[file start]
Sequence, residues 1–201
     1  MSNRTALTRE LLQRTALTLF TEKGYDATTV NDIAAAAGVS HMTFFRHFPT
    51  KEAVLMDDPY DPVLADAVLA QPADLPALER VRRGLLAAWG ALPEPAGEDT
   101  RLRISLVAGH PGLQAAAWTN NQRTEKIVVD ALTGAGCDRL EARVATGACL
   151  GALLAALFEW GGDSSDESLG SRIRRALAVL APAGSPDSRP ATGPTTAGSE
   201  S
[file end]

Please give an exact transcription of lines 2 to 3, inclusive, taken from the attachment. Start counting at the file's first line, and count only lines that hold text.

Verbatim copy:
     1  MSNRTALTRE LLQRTALTLF TEKGYDATTV NDIAAAAGVS HMTFFRHFPT
    51  KEAVLMDDPY DPVLADAVLA QPADLPALER VRRGLLAAWG ALPEPAGEDT